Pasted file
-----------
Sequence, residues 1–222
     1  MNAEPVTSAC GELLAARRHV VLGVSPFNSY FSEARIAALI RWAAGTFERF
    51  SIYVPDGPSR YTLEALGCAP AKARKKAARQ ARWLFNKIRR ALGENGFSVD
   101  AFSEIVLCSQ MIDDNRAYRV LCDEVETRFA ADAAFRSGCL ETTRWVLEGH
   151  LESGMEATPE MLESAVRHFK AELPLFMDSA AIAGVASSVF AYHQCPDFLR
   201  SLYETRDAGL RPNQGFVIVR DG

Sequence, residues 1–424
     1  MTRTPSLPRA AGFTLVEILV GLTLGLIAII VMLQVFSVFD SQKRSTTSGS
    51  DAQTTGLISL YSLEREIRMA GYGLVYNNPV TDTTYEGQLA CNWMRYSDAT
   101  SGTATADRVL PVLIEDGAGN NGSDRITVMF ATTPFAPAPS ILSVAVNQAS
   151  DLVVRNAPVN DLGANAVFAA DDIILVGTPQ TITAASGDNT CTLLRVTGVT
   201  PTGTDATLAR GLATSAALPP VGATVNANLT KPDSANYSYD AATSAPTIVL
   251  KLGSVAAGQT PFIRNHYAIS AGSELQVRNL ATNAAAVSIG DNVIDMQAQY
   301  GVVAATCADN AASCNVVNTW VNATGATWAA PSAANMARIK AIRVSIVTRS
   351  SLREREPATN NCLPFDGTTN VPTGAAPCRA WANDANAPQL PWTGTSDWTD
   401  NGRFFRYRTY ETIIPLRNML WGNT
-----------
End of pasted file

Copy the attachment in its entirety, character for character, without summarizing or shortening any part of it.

Sequence, residues 1–222
     1  MNAEPVTSAC GELLAARRHV VLGVSPFNSY FSEARIAALI RWAAGTFERF
    51  SIYVPDGPSR YTLEALGCAP AKARKKAARQ ARWLFNKIRR ALGENGFSVD
   101  AFSEIVLCSQ MIDDNRAYRV LCDEVETRFA ADAAFRSGCL ETTRWVLEGH
   151  LESGMEATPE MLESAVRHFK AELPLFMDSA AIAGVASSVF AYHQCPDFLR
   201  SLYETRDAGL RPNQGFVIVR DG

Sequence, residues 1–424
     1  MTRTPSLPRA AGFTLVEILV GLTLGLIAII VMLQVFSVFD SQKRSTTSGS
    51  DAQTTGLISL YSLEREIRMA GYGLVYNNPV TDTTYEGQLA CNWMRYSDAT
   101  SGTATADRVL PVLIEDGAGN NGSDRITVMF ATTPFAPAPS ILSVAVNQAS
   151  DLVVRNAPVN DLGANAVFAA DDIILVGTPQ TITAASGDNT CTLLRVTGVT
   201  PTGTDATLAR GLATSAALPP VGATVNANLT KPDSANYSYD AATSAPTIVL
   251  KLGSVAAGQT PFIRNHYAIS AGSELQVRNL ATNAAAVSIG DNVIDMQAQY
   301  GVVAATCADN AASCNVVNTW VNATGATWAA PSAANMARIK AIRVSIVTRS
   351  SLREREPATN NCLPFDGTTN VPTGAAPCRA WANDANAPQL PWTGTSDWTD
   401  NGRFFRYRTY ETIIPLRNML WGNT